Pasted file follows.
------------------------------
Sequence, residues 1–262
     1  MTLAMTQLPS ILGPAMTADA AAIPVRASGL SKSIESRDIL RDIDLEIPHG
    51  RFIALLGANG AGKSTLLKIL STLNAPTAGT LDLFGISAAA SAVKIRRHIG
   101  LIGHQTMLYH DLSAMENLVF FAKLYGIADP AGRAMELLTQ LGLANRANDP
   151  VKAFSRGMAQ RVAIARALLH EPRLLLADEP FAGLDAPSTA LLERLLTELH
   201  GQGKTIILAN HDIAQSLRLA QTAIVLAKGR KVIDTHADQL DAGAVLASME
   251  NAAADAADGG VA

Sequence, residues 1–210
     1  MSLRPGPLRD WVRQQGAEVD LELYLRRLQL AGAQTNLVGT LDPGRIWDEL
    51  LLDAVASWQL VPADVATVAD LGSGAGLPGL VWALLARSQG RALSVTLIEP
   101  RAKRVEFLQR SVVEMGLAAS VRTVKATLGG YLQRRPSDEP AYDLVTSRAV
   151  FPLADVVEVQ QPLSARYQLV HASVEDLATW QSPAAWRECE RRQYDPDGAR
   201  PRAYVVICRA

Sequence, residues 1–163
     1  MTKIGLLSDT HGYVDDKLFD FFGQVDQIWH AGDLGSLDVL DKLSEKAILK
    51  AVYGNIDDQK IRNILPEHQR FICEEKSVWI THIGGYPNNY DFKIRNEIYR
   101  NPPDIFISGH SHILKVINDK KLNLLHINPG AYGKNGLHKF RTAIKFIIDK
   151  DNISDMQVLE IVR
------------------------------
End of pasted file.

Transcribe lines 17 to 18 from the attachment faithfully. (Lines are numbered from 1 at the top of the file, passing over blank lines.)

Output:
   101  NPPDIFISGH SHILKVINDK KLNLLHINPG AYGKNGLHKF RTAIKFIIDK
   151  DNISDMQVLE IVR